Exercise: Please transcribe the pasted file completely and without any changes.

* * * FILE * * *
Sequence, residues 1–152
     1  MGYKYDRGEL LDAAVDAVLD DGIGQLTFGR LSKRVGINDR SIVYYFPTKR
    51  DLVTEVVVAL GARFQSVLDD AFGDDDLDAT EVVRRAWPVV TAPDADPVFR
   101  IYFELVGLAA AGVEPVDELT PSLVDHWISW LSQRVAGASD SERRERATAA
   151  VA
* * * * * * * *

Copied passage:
Sequence, residues 1–152
     1  MGYKYDRGEL LDAAVDAVLD DGIGQLTFGR LSKRVGINDR SIVYYFPTKR
    51  DLVTEVVVAL GARFQSVLDD AFGDDDLDAT EVVRRAWPVV TAPDADPVFR
   101  IYFELVGLAA AGVEPVDELT PSLVDHWISW LSQRVAGASD SERRERATAA
   151  VA